In its landmark 2003 Grutter v. Bollinger and Gratz v. Bollinger decisions, the Supreme Court affirmed that it is within a state’s compelling interest to ensure adequate representation of diversity in an institution of postsecondary education and therefore ruled that race may be used as one factor among many in making admission decisions. A number of states, alternatively, have adopted legislation barring public institutions from considering race in admission, leading, in some cases, to the development of alternative “race-neutral” approaches including percentage plans and minority recruitment efforts. Regardless of the chosen policy, NACAC recognizes, and seeks to educate policymakers on, the substantial benefits derived from a diverse student body and the complexity of the admission process.
NACAC Resources - Federal Resources - Other Resources -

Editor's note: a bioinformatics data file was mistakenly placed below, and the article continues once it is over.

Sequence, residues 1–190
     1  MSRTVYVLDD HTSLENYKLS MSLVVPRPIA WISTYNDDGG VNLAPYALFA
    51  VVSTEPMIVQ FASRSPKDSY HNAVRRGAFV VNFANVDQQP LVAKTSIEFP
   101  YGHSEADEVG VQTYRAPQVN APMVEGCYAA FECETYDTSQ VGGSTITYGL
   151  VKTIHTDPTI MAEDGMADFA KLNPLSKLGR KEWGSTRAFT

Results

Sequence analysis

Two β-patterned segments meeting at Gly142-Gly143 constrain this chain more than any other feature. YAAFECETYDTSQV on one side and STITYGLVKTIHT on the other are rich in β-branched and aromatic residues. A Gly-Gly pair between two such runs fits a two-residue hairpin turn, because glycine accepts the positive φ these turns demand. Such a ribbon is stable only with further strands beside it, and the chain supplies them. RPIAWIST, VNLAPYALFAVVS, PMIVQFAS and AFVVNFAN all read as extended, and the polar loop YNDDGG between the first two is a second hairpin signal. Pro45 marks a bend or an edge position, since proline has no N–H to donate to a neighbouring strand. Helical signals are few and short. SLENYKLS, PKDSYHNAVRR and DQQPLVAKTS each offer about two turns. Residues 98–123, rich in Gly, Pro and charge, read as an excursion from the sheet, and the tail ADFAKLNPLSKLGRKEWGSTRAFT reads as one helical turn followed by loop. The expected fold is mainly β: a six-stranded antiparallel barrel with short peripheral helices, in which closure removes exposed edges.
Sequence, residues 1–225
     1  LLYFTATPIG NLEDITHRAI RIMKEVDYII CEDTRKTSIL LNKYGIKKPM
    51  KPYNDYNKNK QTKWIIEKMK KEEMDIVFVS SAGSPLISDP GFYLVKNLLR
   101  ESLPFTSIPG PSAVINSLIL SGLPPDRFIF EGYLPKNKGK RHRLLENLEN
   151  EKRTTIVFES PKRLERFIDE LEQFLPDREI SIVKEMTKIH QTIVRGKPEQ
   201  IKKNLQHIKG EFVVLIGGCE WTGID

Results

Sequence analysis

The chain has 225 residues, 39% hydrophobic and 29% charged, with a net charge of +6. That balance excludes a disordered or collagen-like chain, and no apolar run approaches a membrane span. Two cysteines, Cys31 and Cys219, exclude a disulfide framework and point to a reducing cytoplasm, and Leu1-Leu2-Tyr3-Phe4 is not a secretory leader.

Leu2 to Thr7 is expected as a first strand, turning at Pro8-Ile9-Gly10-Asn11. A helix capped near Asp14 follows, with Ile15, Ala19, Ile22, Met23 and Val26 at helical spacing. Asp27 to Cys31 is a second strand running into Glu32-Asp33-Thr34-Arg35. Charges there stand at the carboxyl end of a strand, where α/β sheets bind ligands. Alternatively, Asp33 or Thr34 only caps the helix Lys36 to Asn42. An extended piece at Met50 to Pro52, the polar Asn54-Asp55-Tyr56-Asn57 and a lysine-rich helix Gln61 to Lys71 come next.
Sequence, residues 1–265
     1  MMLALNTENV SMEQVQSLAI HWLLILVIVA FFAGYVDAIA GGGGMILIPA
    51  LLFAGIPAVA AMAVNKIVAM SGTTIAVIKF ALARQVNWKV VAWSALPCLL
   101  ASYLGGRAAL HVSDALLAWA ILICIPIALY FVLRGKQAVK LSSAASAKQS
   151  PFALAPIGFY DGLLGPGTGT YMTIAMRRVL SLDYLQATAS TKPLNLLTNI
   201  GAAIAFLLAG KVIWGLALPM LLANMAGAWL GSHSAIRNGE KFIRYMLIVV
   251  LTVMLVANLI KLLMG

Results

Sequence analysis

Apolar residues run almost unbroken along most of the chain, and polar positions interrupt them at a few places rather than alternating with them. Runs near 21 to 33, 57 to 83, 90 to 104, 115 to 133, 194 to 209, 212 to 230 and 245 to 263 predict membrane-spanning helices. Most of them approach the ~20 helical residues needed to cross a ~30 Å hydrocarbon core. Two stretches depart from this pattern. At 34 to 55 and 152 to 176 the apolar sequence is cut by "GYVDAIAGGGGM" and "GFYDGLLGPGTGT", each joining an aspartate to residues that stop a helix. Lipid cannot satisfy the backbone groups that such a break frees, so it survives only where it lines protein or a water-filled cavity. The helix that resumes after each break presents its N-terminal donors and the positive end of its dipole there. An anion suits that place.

Key Court Cases - Race Neutral Mandates
- NACAC's Myth vs. Fact sheet on diversity in higher education dispels common misconceptions about the use of race in the college admission process.
- NACAC's Diversity in Higher Education report summarizes results from NACAC’s 2003 member survey regarding institutional commitments and approaches to diversity.
- NACAC also summarized federal and state level legal activities regarding race as a factor in college admission decisions.
Key Court Cases
Regents of the University of California v. Bakke (1978)
Hopwood v. State of Texas (1996)
Grutter v. Bollinger (2003)
Gratz v. Bollinger (2003)
Race-Neutral Mandates at the State Level
California: Proposition 209
Colorado: Amendment 46
Florida: One Florida Executive Order
Michigan: Ballot Proposition 06-2
Legal challenges to this mandate are currently pending. The most recent decision, which was issued by a three-judge panel of the U.S. Court of Appeals for the Sixth Circuit and has since been vacated by the full appeals court, is available here
Nebraska: Initiative Measure 424
Washington: Initiative 200